When imagining the follow-up show to its wildly popular prehistoric production “Erth’s Dinosaur Zoo Live,” Erth — a theater company renowned for its large-scale, lifelike puppets — was very ambitious.
“(The director wanted a show that) focuses on the very start of life on Earth, and teaches children about all the animals that came before the dinosaurs,” says the new show’s costar and cowriter, Catherine McNamara. “Which of course means a journey through the oceans.”
That’s how Erth’s new hit family show, “Erth’s Prehistoric Aquarium Adventure,” was born.
McNamara insists this 50-minute production offers even more to enjoy than the walking and roaring dinosaurs of “Dinosaur Zoo.”
Not only will children enjoy an immersive and educational experience, McNamara assures, but audience members of all ages will feel amazed and entertained.
“A lot of these animals would swallow you in one bite if they could,” she explains. “Rather than hide the harsh aspects of nature, we think these are the best, most interesting parts.”
“Our puppeteers usually come from a background of physical performance, whether this be dance, circus or physical theater,” McNamara says.
The show focuses on comedy and science for its first half, McNamara notes, portraying the amusing interactions between a flashy aquarium owner and an enthusiastic marine biologist eager to explain their prehistoric reptiles.
With children invited on stage to interact with the creatures, McNamara says, the audience will participate in a story packed with both silliness and suspense.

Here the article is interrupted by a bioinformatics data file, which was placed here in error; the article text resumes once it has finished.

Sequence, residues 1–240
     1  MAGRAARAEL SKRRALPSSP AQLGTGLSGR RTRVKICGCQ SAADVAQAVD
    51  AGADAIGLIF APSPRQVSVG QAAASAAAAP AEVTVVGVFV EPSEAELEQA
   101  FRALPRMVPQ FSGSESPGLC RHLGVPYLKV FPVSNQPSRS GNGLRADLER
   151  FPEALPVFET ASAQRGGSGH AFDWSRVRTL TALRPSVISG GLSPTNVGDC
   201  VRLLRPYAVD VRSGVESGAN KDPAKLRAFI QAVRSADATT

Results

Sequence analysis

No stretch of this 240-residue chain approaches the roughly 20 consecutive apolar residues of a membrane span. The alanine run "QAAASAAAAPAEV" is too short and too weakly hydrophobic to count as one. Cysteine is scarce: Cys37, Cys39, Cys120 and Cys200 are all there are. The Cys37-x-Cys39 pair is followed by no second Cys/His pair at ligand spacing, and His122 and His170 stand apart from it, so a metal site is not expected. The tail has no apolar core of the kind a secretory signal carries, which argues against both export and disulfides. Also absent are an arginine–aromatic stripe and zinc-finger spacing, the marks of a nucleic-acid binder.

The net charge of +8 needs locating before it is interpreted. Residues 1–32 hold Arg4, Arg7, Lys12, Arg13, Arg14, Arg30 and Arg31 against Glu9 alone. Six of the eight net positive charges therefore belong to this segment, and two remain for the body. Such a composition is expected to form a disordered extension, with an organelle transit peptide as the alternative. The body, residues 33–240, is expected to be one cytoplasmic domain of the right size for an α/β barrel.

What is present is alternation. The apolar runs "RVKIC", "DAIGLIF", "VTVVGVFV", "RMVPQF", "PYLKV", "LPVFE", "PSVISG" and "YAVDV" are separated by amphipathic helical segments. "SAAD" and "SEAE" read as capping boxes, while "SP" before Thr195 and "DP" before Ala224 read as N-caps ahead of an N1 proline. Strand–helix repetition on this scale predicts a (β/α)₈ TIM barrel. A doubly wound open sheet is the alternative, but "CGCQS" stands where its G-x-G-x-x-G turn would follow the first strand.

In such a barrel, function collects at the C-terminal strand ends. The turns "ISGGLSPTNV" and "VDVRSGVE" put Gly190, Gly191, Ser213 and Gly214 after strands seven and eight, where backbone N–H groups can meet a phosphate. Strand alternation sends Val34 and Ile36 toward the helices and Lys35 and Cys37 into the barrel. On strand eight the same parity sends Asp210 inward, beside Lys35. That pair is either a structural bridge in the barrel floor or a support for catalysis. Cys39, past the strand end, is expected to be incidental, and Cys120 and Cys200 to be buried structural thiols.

The show offers a constant parade of immense and elaborate creatures, she adds, especially in the second half, when puppets are manipulated to a musical score that is “almost like a dance.”
Performers utilize a wide variety of techniques to bring these eye-popping creatures to life, including the Japanese form of Bunraku, where puppeteers are hidden in plain sight, standing beside the puppets while clad in black velvet.
“I think a lot of the beauty is seeing the movements and dance of the human alongside the creature, but still getting lost in your imagination,” McNamara says. “Alternating between seeing and not seeing the puppeteer... I can definitely hear a lot of children processing these magic tricks when I'm on stage.”
Recycling with Prehistoric Creatures
Few would guess that Erth’s giant, lifelike puppets feature materials saved from the trash.
With a strong focus on environmentalism, the Erth workshop strives to recycle and repurpose many materials in creating its puppets, McNamara says.
“An old floatie suddenly becomes a moon jellyfish! And kitchen strainers become angler fish eyes,” she says. “It takes a lot of design, engineering and trial and error to make the most lifelike, practical and aesthetically pleasing puppets, all at once.”
Entertaining and Educational
Children not only learn about paleontology during this show, McNamara notes — they also get inspired.
“I think children get very excited at the thought that still only 10 to 15 percent of the ocean floor has been explored to this day,” she says. “They begin to dream up the creatures they might come across, themselves.”
All patrons must have a ticket, regardless of age. No babes in arms. Children under 16 must be accompanied by a parent or guardian.
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